Do What’s Right, Not What’s Popular
It’s human nature to want to be liked. But whenever that desire or need becomes a leadership motive, or the reason why you lead and make decisions in your organization, expect trouble. Effective leadership is all about doing the right things, not what’s popular. When facing tough times or hard decisions, Disciplined Leaders call upon courage to consistently make ethical choices. This may mean going against the status quo or losing “allies.” It may also mean sacrificing convenience or struggling emotionally, physically and mentally at times. Regardless of their pain, however, these leaders know when and how to draw the line. They refuse to back down against values of integrity and honor. And here’s a certainty: Every leader experiences times when that line must be drawn. In leading your organization, expect this challenge, knowing that doing what’s right may not pay off immediately. This integrity-based practice is a long-term investment that will benefit your impact and legacy over time.
It’s hard to predict the situations in which your leadership popularity will be tested. But here are some common scenarios that MAP consultants have coached their clients to face and effectively manage:
Cost-cutting measures. As the recent economic recession grew more and more real, company leaders from many industries made company cuts of all kinds. Think there were a lot of unpopular leaders? You bet. But that didn’t make them “bad” leaders. While some had likely contributed to the economic crisis, most of these company heads or managers were more or less victims of it. They had to deal with the fallout and make the best cost-cutting decisions given dire circumstances because waste of any kind was not an option. When or if economic pressures hit your organization, the choices you make may not make you the most popular person in your company culture. But remaining true to the interests of your team or the organization at large is what will ultimately ensure the health and vitality of the business.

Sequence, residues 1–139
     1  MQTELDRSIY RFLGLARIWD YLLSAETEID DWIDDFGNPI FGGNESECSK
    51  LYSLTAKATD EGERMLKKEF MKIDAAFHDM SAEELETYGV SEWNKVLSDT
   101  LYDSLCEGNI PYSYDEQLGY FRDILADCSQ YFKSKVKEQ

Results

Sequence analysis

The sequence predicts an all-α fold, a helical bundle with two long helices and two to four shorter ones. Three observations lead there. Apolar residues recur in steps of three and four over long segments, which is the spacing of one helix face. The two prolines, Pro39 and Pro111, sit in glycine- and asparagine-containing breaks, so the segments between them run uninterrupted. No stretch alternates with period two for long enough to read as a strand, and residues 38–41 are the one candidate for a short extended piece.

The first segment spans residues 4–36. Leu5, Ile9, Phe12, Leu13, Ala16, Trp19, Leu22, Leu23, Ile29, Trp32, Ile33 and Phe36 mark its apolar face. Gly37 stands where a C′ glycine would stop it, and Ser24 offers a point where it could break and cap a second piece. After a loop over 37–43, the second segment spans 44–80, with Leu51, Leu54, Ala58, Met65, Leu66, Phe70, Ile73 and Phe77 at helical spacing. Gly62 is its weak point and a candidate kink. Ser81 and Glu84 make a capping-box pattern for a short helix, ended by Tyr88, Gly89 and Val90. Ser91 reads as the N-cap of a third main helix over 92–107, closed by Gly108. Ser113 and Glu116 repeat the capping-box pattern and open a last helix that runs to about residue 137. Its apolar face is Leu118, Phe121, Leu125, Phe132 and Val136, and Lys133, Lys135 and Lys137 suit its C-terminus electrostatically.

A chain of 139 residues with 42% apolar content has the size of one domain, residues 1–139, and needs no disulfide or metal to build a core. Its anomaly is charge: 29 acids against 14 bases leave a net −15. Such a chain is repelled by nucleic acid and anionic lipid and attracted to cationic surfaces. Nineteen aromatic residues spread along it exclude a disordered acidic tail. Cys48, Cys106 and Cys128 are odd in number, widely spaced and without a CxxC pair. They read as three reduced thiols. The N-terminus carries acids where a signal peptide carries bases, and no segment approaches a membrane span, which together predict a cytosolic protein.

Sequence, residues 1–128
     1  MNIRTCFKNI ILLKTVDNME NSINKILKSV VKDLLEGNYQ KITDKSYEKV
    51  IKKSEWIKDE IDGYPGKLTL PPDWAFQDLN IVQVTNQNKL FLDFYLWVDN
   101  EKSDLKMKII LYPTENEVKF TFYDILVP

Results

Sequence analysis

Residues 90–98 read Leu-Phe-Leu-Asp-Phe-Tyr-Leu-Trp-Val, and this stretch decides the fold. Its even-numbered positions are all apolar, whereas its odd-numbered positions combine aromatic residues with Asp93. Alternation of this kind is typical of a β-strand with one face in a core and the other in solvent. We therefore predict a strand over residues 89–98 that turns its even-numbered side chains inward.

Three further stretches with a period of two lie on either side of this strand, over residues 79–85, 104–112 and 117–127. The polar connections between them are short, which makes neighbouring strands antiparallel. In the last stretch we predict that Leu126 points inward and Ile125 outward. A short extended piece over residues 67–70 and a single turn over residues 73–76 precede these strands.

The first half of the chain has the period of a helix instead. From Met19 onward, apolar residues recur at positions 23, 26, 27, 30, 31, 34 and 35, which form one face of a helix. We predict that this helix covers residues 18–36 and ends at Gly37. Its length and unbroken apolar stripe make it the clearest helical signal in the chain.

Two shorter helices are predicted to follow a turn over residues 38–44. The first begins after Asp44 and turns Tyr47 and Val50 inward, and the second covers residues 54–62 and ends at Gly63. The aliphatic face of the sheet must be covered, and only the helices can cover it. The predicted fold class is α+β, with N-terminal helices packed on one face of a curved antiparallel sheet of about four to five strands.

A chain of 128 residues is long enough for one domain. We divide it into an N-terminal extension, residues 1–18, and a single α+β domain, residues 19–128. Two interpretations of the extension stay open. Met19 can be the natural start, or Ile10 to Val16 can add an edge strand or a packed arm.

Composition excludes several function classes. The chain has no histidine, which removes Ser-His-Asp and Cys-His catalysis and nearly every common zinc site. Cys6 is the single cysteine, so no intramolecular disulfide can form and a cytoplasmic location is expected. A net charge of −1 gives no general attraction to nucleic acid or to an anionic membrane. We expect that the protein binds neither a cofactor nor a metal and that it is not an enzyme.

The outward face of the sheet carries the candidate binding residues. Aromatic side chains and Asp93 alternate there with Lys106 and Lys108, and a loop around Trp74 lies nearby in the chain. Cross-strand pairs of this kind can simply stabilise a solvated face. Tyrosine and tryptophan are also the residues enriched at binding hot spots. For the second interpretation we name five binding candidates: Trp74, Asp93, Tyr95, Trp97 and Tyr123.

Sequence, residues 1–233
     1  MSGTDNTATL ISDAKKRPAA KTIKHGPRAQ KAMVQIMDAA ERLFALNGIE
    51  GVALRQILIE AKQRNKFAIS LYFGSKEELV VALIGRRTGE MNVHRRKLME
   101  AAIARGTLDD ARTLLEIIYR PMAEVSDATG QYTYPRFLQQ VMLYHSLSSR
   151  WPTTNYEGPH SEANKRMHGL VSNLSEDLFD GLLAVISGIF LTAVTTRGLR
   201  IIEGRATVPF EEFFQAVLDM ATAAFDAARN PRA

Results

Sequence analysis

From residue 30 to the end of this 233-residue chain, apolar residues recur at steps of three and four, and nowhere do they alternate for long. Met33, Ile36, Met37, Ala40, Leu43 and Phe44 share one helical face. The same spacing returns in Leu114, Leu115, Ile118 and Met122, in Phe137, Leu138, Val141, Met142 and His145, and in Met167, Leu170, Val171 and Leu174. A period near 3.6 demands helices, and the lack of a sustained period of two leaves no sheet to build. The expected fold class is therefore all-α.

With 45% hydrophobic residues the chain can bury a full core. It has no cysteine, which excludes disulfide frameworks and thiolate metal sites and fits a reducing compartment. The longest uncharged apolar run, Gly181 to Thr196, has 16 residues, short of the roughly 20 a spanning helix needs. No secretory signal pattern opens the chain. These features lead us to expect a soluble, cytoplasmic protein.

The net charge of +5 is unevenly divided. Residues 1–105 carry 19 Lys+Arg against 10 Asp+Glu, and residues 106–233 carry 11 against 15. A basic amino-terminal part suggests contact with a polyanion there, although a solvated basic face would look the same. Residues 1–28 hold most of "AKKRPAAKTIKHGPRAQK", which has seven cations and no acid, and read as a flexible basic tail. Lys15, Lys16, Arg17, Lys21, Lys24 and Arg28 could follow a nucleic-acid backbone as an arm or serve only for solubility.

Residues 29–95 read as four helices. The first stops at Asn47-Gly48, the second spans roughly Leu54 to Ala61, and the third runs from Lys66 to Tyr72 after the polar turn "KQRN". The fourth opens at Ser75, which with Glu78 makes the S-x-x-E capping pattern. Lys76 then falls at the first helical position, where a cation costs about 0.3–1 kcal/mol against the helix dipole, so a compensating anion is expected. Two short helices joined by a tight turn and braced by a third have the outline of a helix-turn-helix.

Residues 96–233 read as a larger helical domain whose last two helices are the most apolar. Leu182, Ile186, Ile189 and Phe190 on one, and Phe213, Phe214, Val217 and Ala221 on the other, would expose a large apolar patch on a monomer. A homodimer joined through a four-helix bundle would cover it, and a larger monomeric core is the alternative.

Firing poor performers. Most people do not enjoy terminating employees. However, keeping on poor performers just because they are popular or because you want to be perceived as nice can undermine an organization’s potential, erode a company culture, and tarnish your leadership credibility. In particular, if you’ve done all you can do for these poor performers (e.g., develop, empower and provide opportunities for self-correction) but nothing changes, you’ll have to let them go. No doubt, this can be hard because you’re talking about people’s careers and livelihoods. But you can’t establish expectations for everyone and then not hold them all equally accountable. It’s simply not fair to those who play by the rules and consistently adhere to your expectations.
Standing up for your people. It can be tricky at times to walk the line between doing what’s best for your people and managing everyone else’s needs—clients, customers, stakeholders and even vendors. But as I discuss in MAP’s new book, “The Disciplined Leader,” your people are your number-one asset. Fail to stand up for and be true to them, and you’ll lose their respect and productivity will suffer. In one of the book’s chapters, I share a client story in which a particular leader purchased a major piece of equipment that cost $500,000 from a key manufacturer. Turned out, the equipment’s quality was poor, and it was the company’s employees who brought it to their leader’s attention. Now the leader could have turned a blind eye or told his people to simply deal with the equipment’s problems, but he didn’t. Instead, he worked with his MAP consultant to create a plan to challenge the manufacturer, then he flew halfway across the country to stand up for his people and to confront the vendor about the problem. With the plan in place, MAP’s client succeeded. This resolved the equipment issue but sent a critical message to his people: They mattered most. This leader knew when and learned how to draw the line—and did it in spite of the possible risk to his relationship with this valuable manufacturer.
When have you made a right (but unpopular) choice—something that worked out for you and your organization in the end?